Math Word Problems: Solving Motion Problems Part 3

This is the third part of the Motion Word Problem Series, a subseries of the Mathematics Word Problem Solving Series. The first part discusses about the basic concepts of rate, time, and distance. The second part discusses objects traveling in opposite direction and objects traveling toward each other.

Porsche 959

In this post, we discuss about objects traveling on the same direction. » Read more

Math Word Problems: Solving Motion Problems Part 2

This is the second part of the Solving Motion Problems Series, a part of the Math Word Problem Solving Series. In the first part, we have learned that d = rt, where d is the distance traveled by an object, r is the rate, and t is the time.

Train ride from Cape Town to Simons Town

In this post, we discuss the two common types of motion problems: two objects traveling to opposite directions and two objects traveling toward each other. » Read more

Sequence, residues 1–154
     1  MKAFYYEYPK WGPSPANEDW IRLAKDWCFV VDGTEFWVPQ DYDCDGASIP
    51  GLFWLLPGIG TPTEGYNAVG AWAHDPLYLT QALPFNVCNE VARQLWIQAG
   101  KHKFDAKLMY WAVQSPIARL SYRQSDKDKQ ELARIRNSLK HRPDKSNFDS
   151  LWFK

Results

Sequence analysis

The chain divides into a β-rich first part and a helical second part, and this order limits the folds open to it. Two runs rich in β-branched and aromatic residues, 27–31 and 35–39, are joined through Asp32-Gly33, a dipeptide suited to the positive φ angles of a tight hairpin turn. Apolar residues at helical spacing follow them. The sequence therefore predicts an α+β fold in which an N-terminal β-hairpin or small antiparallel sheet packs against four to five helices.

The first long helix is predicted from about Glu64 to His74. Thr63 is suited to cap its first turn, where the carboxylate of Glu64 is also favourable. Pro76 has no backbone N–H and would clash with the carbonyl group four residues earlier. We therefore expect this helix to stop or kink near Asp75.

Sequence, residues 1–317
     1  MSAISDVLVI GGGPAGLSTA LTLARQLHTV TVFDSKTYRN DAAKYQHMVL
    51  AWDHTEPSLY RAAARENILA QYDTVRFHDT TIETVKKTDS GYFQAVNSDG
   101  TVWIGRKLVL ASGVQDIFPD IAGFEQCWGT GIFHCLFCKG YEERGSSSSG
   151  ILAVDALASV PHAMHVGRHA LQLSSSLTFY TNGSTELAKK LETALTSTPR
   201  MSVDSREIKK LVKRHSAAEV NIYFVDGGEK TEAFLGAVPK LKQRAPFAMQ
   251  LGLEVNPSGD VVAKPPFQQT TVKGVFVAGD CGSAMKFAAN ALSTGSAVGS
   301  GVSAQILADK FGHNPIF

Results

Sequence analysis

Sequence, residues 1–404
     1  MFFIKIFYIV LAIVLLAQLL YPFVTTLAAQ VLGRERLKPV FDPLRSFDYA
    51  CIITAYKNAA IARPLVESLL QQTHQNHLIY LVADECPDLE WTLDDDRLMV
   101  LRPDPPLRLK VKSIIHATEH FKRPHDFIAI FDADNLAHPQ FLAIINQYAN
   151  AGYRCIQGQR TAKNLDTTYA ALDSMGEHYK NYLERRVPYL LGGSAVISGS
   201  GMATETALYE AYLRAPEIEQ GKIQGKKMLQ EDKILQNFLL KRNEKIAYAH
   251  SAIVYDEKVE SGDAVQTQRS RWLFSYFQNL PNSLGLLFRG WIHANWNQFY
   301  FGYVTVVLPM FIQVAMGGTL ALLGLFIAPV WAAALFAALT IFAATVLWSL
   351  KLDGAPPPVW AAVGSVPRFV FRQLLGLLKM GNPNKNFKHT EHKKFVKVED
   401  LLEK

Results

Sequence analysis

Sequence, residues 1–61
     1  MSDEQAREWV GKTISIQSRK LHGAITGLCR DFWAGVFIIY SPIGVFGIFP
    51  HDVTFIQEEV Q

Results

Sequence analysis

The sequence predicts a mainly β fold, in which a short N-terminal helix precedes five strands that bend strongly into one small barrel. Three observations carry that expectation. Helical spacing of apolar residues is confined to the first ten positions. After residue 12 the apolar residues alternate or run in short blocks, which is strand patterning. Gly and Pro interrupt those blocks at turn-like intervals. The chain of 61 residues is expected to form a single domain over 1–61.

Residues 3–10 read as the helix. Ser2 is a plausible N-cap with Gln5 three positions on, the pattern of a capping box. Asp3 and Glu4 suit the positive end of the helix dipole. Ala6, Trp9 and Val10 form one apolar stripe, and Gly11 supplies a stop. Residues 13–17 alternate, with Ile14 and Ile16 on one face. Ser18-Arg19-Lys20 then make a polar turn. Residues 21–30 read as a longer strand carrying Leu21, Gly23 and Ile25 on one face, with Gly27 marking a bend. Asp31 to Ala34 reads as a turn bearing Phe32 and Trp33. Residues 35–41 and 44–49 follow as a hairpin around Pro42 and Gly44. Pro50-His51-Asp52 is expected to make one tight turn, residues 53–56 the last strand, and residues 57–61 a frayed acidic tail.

Motion and Graphs: A Calculus Primer

As I have stated in the introduction to Solving Motion Problems, a moving object discussed in elementary and middle schools are usually assumed to be at a constant speed. For example, a car traveling at 65 kilometers per hour is assumed to travel at the said speed the whole time. Of course, this is not what happens in reality. The car speeds up, slows down, or stops at times.

motion graphs

Click image to enlarge

The graphs of two cars traveling at different speeds (kilometers per hour) are shown above. Car A is traveling at a  constant speed from 2:00 to 3:00 as shown in the first graph. Since the speed is constant, the graph is a horizontal line. The graph of the accelerating Car B is shown on the right. The car is accelerating, so the graph curves upward as it goes to the right. » Read more

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